Loudon County school board approves controversial transgender policy; livid parents show up to fight

The Loudon County, Virginia school board approved a controversial new policy on Wednesday that expands the rights of transgender students following weeks of heated debate over the measure.

Policy 8040 was ratified by the school board after a few amendments were made on Wednesday in a 7-2 vote, a major win for LGBTQ advocates.

The policy will allow transgender students to use restrooms and locker rooms that correspond with their gender identity, to participate in sports and other activities “in a manner consistent with the student’s gender identity,” and to be addressed by their names and pronouns of choice.

“LCPS’ number one priority is to foster the success of all students and ensure they feel safe, secure, accepted, and ready to learn at school. The school division will continue to do its due diligence in creating that environment and remaining open and transparent with all LCPS partners, community members, and stakeholders,” Loudoun County Public Schools said in a statement.


(Video: Fox 5)

Not everyone agrees with what is being dubbed a revision to the school’s anti-harassment guidelines.

“The policy is not needed. The policy does not solve the issues that it’s purported to solve. The policy has forced our focus out of education and I will not support it,” school board member Jeff Morse told Fox 5 DC.

“From years past, compared to comparing that to today’s classroom and today’s workforce is like comparing technology of 1980 to today’s technology, our teachers, administrators, and counselors are well trained to identify issues and provide emotional support to students,” Morse continued, according to WDVM-TV.

Parents aren’t happy with the policy either.

“If passed, policy 8040 would allow boys and adult LCPS male staff members to walk around naked in the girl’s locker rooms; this is sick. If the thought of that makes you uncomfortable. It also makes my 12-year-old daughter uncomfortable,” Megan Jinkins, a Loudon County Public School mom expressed to WDVM-TV.

A concerned grandfather made a plea on behalf of science. “I have four grandsons in the county currently. You all normally like to talk about following the science so I thought I’d share a little biology with you today. There are two chromosomes, to determine a person’s sex and gender. They are the x and y chromosomes if you have two x’s, you are a female. If you have an x and a y, you are a man,” Gary Higgins said, according to WDVM.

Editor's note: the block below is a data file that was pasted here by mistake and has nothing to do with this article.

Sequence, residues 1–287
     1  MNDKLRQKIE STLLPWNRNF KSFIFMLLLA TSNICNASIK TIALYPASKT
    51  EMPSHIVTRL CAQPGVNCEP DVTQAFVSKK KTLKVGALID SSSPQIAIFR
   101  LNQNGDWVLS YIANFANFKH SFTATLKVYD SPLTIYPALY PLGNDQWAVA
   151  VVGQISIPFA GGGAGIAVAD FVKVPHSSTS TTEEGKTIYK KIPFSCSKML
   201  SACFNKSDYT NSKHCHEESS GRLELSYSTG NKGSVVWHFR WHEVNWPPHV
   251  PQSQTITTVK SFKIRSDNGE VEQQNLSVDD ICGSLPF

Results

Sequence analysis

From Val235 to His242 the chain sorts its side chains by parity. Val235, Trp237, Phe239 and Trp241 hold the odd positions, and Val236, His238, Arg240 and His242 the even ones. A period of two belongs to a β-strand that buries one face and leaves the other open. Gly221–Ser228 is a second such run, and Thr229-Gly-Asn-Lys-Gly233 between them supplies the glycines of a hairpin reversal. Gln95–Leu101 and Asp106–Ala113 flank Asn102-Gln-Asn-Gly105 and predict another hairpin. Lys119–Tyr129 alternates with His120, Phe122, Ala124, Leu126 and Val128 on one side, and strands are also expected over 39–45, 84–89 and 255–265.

(Video: WDVM)

Another board member, Ian Serotkin however, asked Morse to speak to “more of our gay and transgender students,” maintaining that if Morse spoke to more students, he would have a better understanding of the bullying that goes on in schools.

“I think that they have spent years fighting through these issues and fighting through the discrimination, the harassment, the bullying, and this is going to be an opportunity for them to rise up out of that and into a school year that is going to fully embrace them. It’s going to allow them to learn at their fullest potential,” Chris Candice Tuck, Equality Loudoun president told Fox News Online.

There was a low turnout for Wednesday’s vote, a stark contrast from Tuesday’s crowd of nearly 200 who participated in a public comment hearing that lasted over 4 hours.

One faculty member, Tanner Cross faced consequences earlier in the year for asserting that he would not “affirm that a biological boy can be a girl and vice versa because it’s against my religion. It’s lying to a child, it’s abuse to a child, and it’s sinning against our God.”

The debate over 8040 has gone on for weeks. In June, a school board meeting on the hot button issue, where 259 residents signed up to speak, ended in the arrest of two men. Reportedly just 51 of the 259 concerned attendees who signed up to speak at that meeting were heard.

Recent court cases have supported the expansion of transgender rights, however, the higher courts won’t take these issues up–yet. The Supreme Court chose not to hear an appeal to the case that sets precedent for this region.

One teacher, Laura Morris, quit in front of the school board in response to 8040’s approval.

“School board, I quit. I quit your policies. I quit your trainings and I quit being a cog in a machine that tells me to push highly politicized agendas on our most vulnerable constituents — the children,” Morris stated in her emotional resignation.

Kay Apfel

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